Thursday, December 30, 2010

Confessions of a Snow-Man

I have a confession to make.
While it's nothing too serious, having nothing to do with my political attitudes, religious views or even my favorite prime-time television show, it's still something that might give you pause.
Because here's the thing:
I like snow.
Not just the light, soft, fluffy covering most folks hope for when Christmas Eve rolls around.
I like snow. Real snow. Big snow.
My sister, who lives on the shores of Lake Superior, where they, no doubt, coined the term "lake effect snow," puts it this way.
"I'd rather have snow than frozen mud."
Me, too.
For me, it's probably an attitude born in the days when a whopper snowstorm meant a day off school.
While an ordinary school day would find me literally having to be dragged out of bed to face the math test I hadn't studied for or the book report I had failed to write, the mere mention of some possible wintertime accumulation from the lips of TV weather-king Don Wooten would leave me trembling with anticipation. Ordinarily a sound sleeper, I would rise from my bed time after time during the night to peek out my window. But like a watched pot, a hoped-for snowstorm never comes, and I would, finally, sleep until I would hear my dad and mom stirring in the early morning light.
It was the critical moment.
Instead of looking outside for myself, I would stay huddled under the blankets in my mostly unheated bedroom, waiting anxiously for what would come next. If it had not snowed enough--or not at all--I would soon hear my dad call my name in the first step of a multi-phase strategy intended to get me out of bed and off to school. But if--wonders of wonders--enough snow had fallen to clog the country roads and force the cancellation of classes, they would leave me undisturbed.
I would count the seconds and minutes, knowing that every moment that passed increased the chances of the news I hoped for. Sometimes I would jump the gun, creeping downstairs in certainty that school had been called, only to be greeted with a knowing smile by my mother, who understood, and even sympathized, with my day-off dreams.
"Oh good, you're up early," she'd say. "You'll have time to shovel the walk before you go to school."
Now, my mother didn't have a mean bone in her body, but those off-hand words would chill me like an icicle plunged deep into my heart, as the combination of "up early," "shovel the walk" and "go to school" were almost more than my tender sensibilities could bear.
Suddenly, I was exhausted, wanting nothing more than to return to my bed until phase two of the getting-up process, which consisted of lying on the floor in front of the heat register in the bathroom until someone pounded on the door to drive me out and into the cold, cruel world.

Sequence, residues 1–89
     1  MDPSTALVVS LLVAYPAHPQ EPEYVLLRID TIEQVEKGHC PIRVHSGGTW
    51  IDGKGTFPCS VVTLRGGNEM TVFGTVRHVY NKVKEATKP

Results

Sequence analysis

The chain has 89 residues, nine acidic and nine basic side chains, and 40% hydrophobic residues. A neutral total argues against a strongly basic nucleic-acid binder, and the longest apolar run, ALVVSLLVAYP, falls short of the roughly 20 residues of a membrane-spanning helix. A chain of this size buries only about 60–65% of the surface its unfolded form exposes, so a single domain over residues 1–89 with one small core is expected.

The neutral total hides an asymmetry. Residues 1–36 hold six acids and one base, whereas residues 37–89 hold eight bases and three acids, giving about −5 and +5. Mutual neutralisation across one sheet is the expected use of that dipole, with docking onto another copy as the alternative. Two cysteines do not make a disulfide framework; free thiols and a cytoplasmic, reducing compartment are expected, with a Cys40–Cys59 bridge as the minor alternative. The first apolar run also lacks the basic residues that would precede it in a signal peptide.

But once in awhile, something wonderful would happen.
"No school," my dad would say.
My heart would leap with joy. Noschoolnoschoolnoschool!
No math test. No book report. No problems whatsoever.
Of course, the thought that my one-day reprieve might offer a good chance to actually study and do my homework never entered my mind, as I was instantly engulfed with a desperate need to get out there and play in the wonderful white stuff that had granted me my freedom. Of course, liberty had its price. The 16-mile front walk at our house really did need to be shoveled. And so did the eight zillion square miles of snow around my dad's pharmacy building in downtown Galva.
But soon enough, I was free. Free to go sledding, free to build snow forts, to throw snowballs, trudge through drifts and dig snow caves with my buddies as we played our own versions of North to Alaska and arctic explorer. Free to play all day until, with half-froze noses and toes, we would pile into the nearest mom's kitchen for hot chocolate, tomato soup and grilled cheese sandwiches.
All pretty simple stuff, I know. But if you can think of anything better, let me know.
You might think I would have outgrown my thing for snow by now.
Certainly, my 25-year commute to Peoria made me less thrilled about traveling when the winter wind blows and the drifts are high. And if that didn't do it, my current gig as a sportswriter, complete with off-the-beaten-track remote locations, late nights and the need for speed when deadlines loom, completed my disinclination to face wintery road conditions with anything less than something akin to dread.
But I still like snow. I like the way it looks as big, lazy flakes float through the pool of light cast by the streetlamp in front of my house late at night. I like the way the sun shines and finds a million tiny diamonds, and the way the long, low light of late afternoon turns the snowy landscape into something surreal. I like walking through the park after dark, with soft powder spraying from my boots in a quiet night so still that my own breathing is the loudest sound around. I love watching kids play in that same park in daytime, turning the snowplow-built hills into Matterhorn Mountains and the playground slides into dizzying downhill adventures. I even sort of like digging out, as my neighbors and I work together to rejoin our sidewalks and kind of conquer winter's grip for awhile. And while highway driving is no treat for anyone, bopping around town in the unstoppable 4-wheel Trooper still gives me a bit of a buzz.
But most of all, I like just looking. Looking and remembering those precious early-morning days when simple things like snowstorms and grilled cheese were enough to fill my heart with boundless joy. When mom would smile and dad would say the words I longed to hear.
It's no wonder.
I like snow.

1 comment:

  1. Great column, John. I too remember the great fun of snow forts, caves and snowball fights. Also, liked the reference to the 16 mile front sidewalk.
    Jeff Hatch